“I served under him when he was Sheriff and then he served under me when I became Sheriff,” said Hoffman. “There are not many people that can do that, but Johnson and I were able to do that.”

The Fires of 2000 are indelibly etched into the minds of most Bitterrooters who lived through them. With all the evacuations and other work related to the fires piled on top of their regular duties, the Sheriff’s Office was taxed to the limit. It took the job of Sheriff beyond the limits of ordinary duty. Then came the triple homicide in Florence. Friends and family began to notice the toll it was taking on Johnson, while he ignored it.

Sheriff Hoffman relates how one morning he came into the office and saw Johnson, who was obviously in need of some rest, and told him to go home and shave the other half of his face and get some rest. Johnson said his family “intervened” and got him to pull back and consider not running for Sheriff a second time. He listened to their advice.

But he also continued working and, as Undersheriff, continued to make a difference in the lives of county residents. He’s proud of a few accomplishments that happened under his tenure. He said that the work of the Ravalli County Sheriff’s Office contributed to the arrest and conviction of two serial killers.

Based on their investigation, a warrant was put out for Ron Ward for the death of a man whose body had been found in the Soft Rock area in 2000. He was arrested on that warrant in Colorado and was subsequently convicted of four murders committed within five months, one in Montana, one in Arkansas and two in California.

The investigation of a death in which a body was found where The Edge Restaurant was being built led to the arrest of Scott Kimble, who also pleaded guilty to four killings in Colorado.

Johnson also spoke about the unsolved cases in the county that still linger, some after many years.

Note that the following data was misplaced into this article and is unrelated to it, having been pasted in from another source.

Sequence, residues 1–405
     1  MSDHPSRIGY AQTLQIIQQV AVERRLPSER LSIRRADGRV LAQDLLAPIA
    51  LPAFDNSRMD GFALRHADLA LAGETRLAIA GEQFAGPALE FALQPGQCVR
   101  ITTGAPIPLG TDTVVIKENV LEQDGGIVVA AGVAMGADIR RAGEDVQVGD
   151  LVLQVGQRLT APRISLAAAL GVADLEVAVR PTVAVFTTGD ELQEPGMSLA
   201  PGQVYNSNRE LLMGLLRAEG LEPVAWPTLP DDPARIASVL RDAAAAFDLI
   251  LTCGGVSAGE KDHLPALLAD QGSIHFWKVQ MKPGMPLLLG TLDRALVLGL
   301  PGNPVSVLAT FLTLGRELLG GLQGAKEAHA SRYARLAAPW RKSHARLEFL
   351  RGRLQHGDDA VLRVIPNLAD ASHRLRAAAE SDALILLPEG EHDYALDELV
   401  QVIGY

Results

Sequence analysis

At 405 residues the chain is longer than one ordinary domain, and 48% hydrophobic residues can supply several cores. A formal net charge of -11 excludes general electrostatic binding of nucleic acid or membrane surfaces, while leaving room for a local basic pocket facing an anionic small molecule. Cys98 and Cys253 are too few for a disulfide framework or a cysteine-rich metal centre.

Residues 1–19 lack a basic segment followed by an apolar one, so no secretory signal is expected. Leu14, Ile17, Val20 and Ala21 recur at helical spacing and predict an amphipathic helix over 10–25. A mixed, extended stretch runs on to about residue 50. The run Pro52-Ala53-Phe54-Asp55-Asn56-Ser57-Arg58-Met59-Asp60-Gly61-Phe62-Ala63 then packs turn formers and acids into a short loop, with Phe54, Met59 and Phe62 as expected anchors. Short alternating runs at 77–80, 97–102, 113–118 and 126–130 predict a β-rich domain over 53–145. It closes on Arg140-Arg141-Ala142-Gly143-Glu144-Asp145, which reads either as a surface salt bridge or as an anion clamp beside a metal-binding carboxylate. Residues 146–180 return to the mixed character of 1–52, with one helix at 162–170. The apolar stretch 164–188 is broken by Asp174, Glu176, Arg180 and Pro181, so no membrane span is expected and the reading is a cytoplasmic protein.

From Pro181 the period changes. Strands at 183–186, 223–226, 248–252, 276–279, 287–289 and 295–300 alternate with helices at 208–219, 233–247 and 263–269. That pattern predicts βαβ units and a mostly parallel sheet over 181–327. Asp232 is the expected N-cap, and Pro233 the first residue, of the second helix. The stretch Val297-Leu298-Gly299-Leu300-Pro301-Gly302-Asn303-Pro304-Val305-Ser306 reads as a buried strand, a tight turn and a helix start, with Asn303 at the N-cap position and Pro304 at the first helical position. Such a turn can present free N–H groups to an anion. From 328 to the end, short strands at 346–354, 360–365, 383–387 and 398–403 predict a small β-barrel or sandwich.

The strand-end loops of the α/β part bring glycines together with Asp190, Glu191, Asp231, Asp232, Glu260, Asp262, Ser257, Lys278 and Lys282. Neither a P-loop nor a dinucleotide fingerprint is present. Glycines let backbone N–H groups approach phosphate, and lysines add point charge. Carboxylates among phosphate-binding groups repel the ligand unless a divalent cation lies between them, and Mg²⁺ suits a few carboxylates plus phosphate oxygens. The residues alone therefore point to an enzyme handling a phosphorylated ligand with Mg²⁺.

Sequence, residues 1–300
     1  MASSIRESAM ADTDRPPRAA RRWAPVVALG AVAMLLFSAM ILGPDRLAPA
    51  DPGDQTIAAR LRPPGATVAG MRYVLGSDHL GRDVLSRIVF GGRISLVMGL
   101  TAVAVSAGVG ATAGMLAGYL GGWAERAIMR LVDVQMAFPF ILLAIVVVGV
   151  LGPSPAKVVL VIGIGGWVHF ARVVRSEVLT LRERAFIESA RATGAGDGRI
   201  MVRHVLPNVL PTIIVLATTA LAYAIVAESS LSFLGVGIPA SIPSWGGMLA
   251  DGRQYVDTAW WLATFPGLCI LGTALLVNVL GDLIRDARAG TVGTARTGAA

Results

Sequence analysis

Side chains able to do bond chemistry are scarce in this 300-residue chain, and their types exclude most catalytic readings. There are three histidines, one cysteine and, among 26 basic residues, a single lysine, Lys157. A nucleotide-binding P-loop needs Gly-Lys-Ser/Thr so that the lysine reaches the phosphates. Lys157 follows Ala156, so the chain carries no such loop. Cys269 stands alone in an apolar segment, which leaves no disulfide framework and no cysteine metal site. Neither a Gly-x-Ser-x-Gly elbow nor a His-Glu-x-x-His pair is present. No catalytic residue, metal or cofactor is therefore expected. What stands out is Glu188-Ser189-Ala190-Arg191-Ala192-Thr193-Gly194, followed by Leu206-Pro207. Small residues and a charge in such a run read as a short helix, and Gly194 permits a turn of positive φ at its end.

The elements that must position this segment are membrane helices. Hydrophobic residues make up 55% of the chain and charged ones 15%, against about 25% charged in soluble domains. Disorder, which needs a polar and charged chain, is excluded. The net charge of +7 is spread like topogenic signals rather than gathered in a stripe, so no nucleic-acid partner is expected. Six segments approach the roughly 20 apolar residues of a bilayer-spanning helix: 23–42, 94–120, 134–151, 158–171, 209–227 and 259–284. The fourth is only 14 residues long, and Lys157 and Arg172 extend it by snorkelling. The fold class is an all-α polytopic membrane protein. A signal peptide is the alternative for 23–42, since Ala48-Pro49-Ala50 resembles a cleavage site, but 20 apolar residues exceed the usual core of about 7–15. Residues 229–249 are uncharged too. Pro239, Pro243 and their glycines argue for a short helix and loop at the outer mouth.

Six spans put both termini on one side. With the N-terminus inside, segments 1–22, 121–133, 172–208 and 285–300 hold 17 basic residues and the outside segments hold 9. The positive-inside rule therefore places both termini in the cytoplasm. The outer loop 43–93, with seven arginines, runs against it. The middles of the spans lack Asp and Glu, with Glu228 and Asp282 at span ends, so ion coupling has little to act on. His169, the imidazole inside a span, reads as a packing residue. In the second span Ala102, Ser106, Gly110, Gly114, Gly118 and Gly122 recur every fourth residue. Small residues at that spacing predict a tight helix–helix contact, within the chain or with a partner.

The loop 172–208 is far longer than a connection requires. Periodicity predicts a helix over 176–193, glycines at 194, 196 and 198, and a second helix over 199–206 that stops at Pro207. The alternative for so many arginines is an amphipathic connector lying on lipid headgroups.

“These cases don’t go away,” said Johnson. He said he returns to all the cold cases regularly, hoping that some new bit of information may have emerged that could break it open again.

In fact, one his last days on the job will be spent following up a possible lead in an old cold case.

In 1970, a 26-year-old University of Montana student named Dorothy Freeman was supposed to start student teaching in Hamilton. Instead, she disappeared. This weekend Johnson hopes to interview a potential witness in the case who lives out of state but agreed to an interview.

“There’s a possibility that this case could still be made,” said Johnson.

Johnson’s last day at the Sheriff’s Office will be Thursday, August 15. He starts work at the POST Council on the 19th.

Johnson said that taking on the reins of executive director at the POST Council will be made easier by the fact that the current director will remain for a month of transition.

“I’m very proud of him,” said Hoffman. “No one has given more to this community in the last 27 years than Perry.”

The public is invited to a going away cake ceremony in the elections room of the Courthouse building at 4 pm on Thursday, August 15, to celebrate Johnson’s 27 years of service and wish him well in his new position.